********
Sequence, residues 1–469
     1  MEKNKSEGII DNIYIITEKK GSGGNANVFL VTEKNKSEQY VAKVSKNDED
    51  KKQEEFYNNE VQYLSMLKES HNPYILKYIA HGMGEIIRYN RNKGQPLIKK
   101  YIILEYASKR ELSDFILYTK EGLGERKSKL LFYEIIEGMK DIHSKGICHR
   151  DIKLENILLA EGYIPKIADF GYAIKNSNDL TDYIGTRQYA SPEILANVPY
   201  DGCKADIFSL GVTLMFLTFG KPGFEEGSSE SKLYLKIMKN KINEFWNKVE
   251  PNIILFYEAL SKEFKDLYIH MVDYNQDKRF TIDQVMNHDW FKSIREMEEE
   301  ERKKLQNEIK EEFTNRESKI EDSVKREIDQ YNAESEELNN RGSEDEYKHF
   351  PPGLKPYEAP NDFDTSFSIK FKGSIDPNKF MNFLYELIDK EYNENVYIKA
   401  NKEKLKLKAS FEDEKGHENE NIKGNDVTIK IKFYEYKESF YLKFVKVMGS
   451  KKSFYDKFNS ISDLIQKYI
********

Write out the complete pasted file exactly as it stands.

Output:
Sequence, residues 1–469
     1  MEKNKSEGII DNIYIITEKK GSGGNANVFL VTEKNKSEQY VAKVSKNDED
    51  KKQEEFYNNE VQYLSMLKES HNPYILKYIA HGMGEIIRYN RNKGQPLIKK
   101  YIILEYASKR ELSDFILYTK EGLGERKSKL LFYEIIEGMK DIHSKGICHR
   151  DIKLENILLA EGYIPKIADF GYAIKNSNDL TDYIGTRQYA SPEILANVPY
   201  DGCKADIFSL GVTLMFLTFG KPGFEEGSSE SKLYLKIMKN KINEFWNKVE
   251  PNIILFYEAL SKEFKDLYIH MVDYNQDKRF TIDQVMNHDW FKSIREMEEE
   301  ERKKLQNEIK EEFTNRESKI EDSVKREIDQ YNAESEELNN RGSEDEYKHF
   351  PPGLKPYEAP NDFDTSFSIK FKGSIDPNKF MNFLYELIDK EYNENVYIKA
   401  NKEKLKLKAS FEDEKGHENE NIKGNDVTIK IKFYEYKESF YLKFVKVMGS
   451  KKSFYDKFNS ISDLIQKYI